If you ask them: 'Who has created the heavens and the earth?' They will reply: 'Allah.' Say: 'Praise belongs to Allah!' But most of them do not have knowledge. (Luqman, 31/25)
“‘We only worship them so that they will bring us near to Allah’ (they say)” (the Troops (az-Zumar), 39/3)
But those whom you invoke, other than Allah do not create anything, they are themselves created. (The Bee, 16/20)
As it is seen, Arabs had some contradiction about that issue. In the Qur’an, that contradiction is mentioned in many verses. For example:
Is He (Allah) who creates as he (idols) who does not create? Will you not remember? (the Bee (an-Nahl), 16/17)
We can shortly classify Arabs’ ways of worshipping and ceremony as follows: begging and praying in front of idols, wishing that they ease their worries when they are in trouble or sick; visiting idols inside the Kaaba, prostrating themselves in front of them, circumambulating them, and praying; sacrificing an animal for them in order to be close to them, which has been banned in the Qur’an by saying “you are forbidden (to consume)………….of animals sacrificed on stones (to idols).” (al-Maida, 5/3)
Idolater Arabs gave a part of their foods or crop and livestock to idols or Allah. The holy Qur’an mentions it and bans it:
They set aside for Allah a share of what He has created of tilth and cattle saying: 'This is for Allah so they claim and this for our associates (gods).' The share of their associates never reaches Allah, but the share of Allah reaches their associates. How evil they judge! (Cattle (al-Anam), 6/136)
Arabs made a vow to idols, too. When they decided to go for a long journey or to start an important work, they came to the Kaaba and sacrificed an animal for idols; the oracle who was there took out a bag in which there were fortune-telling arrows and told their fortunes. On some of those arrows “Do”, over some “do not do”, over some “empty” were written. If it was “do”, they would do what they wanted to do; if it was “do not do”, they gave up; if it was “empty”, they drew again. Islam banned those, too. In Islam, when somebody cannot decide over what he or she will do, there are some methods which are called consultation (istishara) and seeking goodness from Allah (istikhara)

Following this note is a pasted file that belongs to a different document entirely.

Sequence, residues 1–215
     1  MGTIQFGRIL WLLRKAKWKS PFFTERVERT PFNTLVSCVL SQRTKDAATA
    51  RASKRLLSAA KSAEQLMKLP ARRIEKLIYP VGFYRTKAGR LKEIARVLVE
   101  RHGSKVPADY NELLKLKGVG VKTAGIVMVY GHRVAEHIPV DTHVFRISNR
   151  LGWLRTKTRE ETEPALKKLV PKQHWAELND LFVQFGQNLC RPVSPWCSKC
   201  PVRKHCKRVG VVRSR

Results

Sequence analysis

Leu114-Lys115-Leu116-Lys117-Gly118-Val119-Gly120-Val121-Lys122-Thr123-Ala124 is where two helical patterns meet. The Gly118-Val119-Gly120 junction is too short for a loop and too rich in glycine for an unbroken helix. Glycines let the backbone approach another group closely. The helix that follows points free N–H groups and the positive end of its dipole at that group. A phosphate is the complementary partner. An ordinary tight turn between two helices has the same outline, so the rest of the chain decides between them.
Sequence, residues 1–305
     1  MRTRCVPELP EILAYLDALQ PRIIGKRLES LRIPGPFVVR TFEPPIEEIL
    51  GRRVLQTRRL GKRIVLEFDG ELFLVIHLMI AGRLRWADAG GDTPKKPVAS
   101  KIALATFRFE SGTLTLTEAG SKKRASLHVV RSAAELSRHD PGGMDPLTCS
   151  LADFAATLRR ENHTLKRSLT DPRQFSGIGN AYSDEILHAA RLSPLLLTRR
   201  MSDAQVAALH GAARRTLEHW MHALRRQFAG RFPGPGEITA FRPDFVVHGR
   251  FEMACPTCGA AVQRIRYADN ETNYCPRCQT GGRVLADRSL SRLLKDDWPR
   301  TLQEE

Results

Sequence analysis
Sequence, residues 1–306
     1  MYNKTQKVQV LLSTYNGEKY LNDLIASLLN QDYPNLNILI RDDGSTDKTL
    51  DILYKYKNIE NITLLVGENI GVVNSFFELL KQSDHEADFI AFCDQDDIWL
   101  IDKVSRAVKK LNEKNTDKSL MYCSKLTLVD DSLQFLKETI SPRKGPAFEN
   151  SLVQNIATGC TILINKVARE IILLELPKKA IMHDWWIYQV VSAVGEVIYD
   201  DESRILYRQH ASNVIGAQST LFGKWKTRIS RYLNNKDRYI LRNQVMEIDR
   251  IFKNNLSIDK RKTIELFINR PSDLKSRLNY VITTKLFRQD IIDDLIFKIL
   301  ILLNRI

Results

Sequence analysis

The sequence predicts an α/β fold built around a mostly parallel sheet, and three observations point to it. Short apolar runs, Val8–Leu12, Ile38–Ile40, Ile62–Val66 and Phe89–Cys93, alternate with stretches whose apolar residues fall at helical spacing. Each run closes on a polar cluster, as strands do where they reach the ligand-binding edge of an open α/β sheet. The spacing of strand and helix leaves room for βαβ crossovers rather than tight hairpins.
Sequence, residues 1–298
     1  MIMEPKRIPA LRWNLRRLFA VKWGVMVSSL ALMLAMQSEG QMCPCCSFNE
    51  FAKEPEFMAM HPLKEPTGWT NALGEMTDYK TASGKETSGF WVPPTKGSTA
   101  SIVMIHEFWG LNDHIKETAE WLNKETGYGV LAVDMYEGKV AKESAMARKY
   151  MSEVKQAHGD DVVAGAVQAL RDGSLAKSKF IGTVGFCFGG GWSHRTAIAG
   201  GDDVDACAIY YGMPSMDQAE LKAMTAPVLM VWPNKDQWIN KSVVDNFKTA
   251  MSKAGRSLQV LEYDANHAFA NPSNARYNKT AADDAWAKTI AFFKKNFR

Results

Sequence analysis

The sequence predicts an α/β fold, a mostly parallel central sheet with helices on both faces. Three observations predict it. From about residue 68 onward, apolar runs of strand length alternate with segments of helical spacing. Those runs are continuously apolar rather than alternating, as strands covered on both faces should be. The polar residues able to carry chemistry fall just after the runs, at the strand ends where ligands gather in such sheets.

Arabs in that period did not believe in the Day of Judgment and resurrection after death. Thus, someday, one of the notable persons of Quraysh, Umayya Ibn Khalaf, by holding two decayed bones in his hand, came to the Prophet; breaking them into small pieces, he asked: “Oh Muhammad! Do you think that Allah can vitalize these, too?” Replying him, the Messenger of Allah said, “Yes, Allah will kill you, later vitalize, and then burn you in Hell.” That incidence is mentioned in the Qur’an as follows:
“Has the human not seen how We created him from a drop (of sperm)? Yet he is a clear opponent. And he has struck for Us a parable, and forgotten his
own creation. He asks: 'Who will quicken the bones after they have decayed?’ Say: 'He will quicken them who originated them the first
time; He has knowledge of every creation.” (Ya Seen, 36/77-79)
Despite all of the corrupt belief systems, we see that there were those who believed in the Day of Judgment affected by Christianity and Hanif (monotheism). Thus, one of the poets of Jahiliyya Period, Al-Akhnas Ibn Shihab at-Tamimi writes the following in one of his poems:
“There is no doubt that Allah will reward people in the Day of Reckoning because of their good deeds.” (Qalaji, 18)
Prof. Dr. Hüseyin Elmalı